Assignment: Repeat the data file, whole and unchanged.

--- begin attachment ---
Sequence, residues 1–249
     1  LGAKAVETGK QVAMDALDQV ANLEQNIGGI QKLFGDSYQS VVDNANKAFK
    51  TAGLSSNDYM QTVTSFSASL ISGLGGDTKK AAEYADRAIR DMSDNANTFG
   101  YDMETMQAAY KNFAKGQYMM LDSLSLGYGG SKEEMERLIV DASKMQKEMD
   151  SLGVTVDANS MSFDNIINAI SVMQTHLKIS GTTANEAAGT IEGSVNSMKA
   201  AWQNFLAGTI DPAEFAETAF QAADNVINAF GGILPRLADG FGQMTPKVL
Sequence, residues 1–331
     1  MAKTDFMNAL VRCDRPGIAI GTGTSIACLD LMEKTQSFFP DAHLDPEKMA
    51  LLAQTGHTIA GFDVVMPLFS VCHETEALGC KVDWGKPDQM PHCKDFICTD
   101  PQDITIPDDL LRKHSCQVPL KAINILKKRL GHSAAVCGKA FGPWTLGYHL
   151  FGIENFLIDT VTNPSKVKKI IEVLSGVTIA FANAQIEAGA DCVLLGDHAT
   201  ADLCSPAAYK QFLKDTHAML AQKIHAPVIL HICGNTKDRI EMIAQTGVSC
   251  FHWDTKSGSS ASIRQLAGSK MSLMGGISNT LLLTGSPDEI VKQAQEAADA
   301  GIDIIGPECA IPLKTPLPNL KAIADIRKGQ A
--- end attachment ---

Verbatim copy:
Sequence, residues 1–249
     1  LGAKAVETGK QVAMDALDQV ANLEQNIGGI QKLFGDSYQS VVDNANKAFK
    51  TAGLSSNDYM QTVTSFSASL ISGLGGDTKK AAEYADRAIR DMSDNANTFG
   101  YDMETMQAAY KNFAKGQYMM LDSLSLGYGG SKEEMERLIV DASKMQKEMD
   151  SLGVTVDANS MSFDNIINAI SVMQTHLKIS GTTANEAAGT IEGSVNSMKA
   201  AWQNFLAGTI DPAEFAETAF QAADNVINAF GGILPRLADG FGQMTPKVL
Sequence, residues 1–331
     1  MAKTDFMNAL VRCDRPGIAI GTGTSIACLD LMEKTQSFFP DAHLDPEKMA
    51  LLAQTGHTIA GFDVVMPLFS VCHETEALGC KVDWGKPDQM PHCKDFICTD
   101  PQDITIPDDL LRKHSCQVPL KAINILKKRL GHSAAVCGKA FGPWTLGYHL
   151  FGIENFLIDT VTNPSKVKKI IEVLSGVTIA FANAQIEAGA DCVLLGDHAT
   201  ADLCSPAAYK QFLKDTHAML AQKIHAPVIL HICGNTKDRI EMIAQTGVSC
   251  FHWDTKSGSS ASIRQLAGSK MSLMGGISNT LLLTGSPDEI VKQAQEAADA
   301  GIDIIGPECA IPLKTPLPNL KAIADIRKGQ A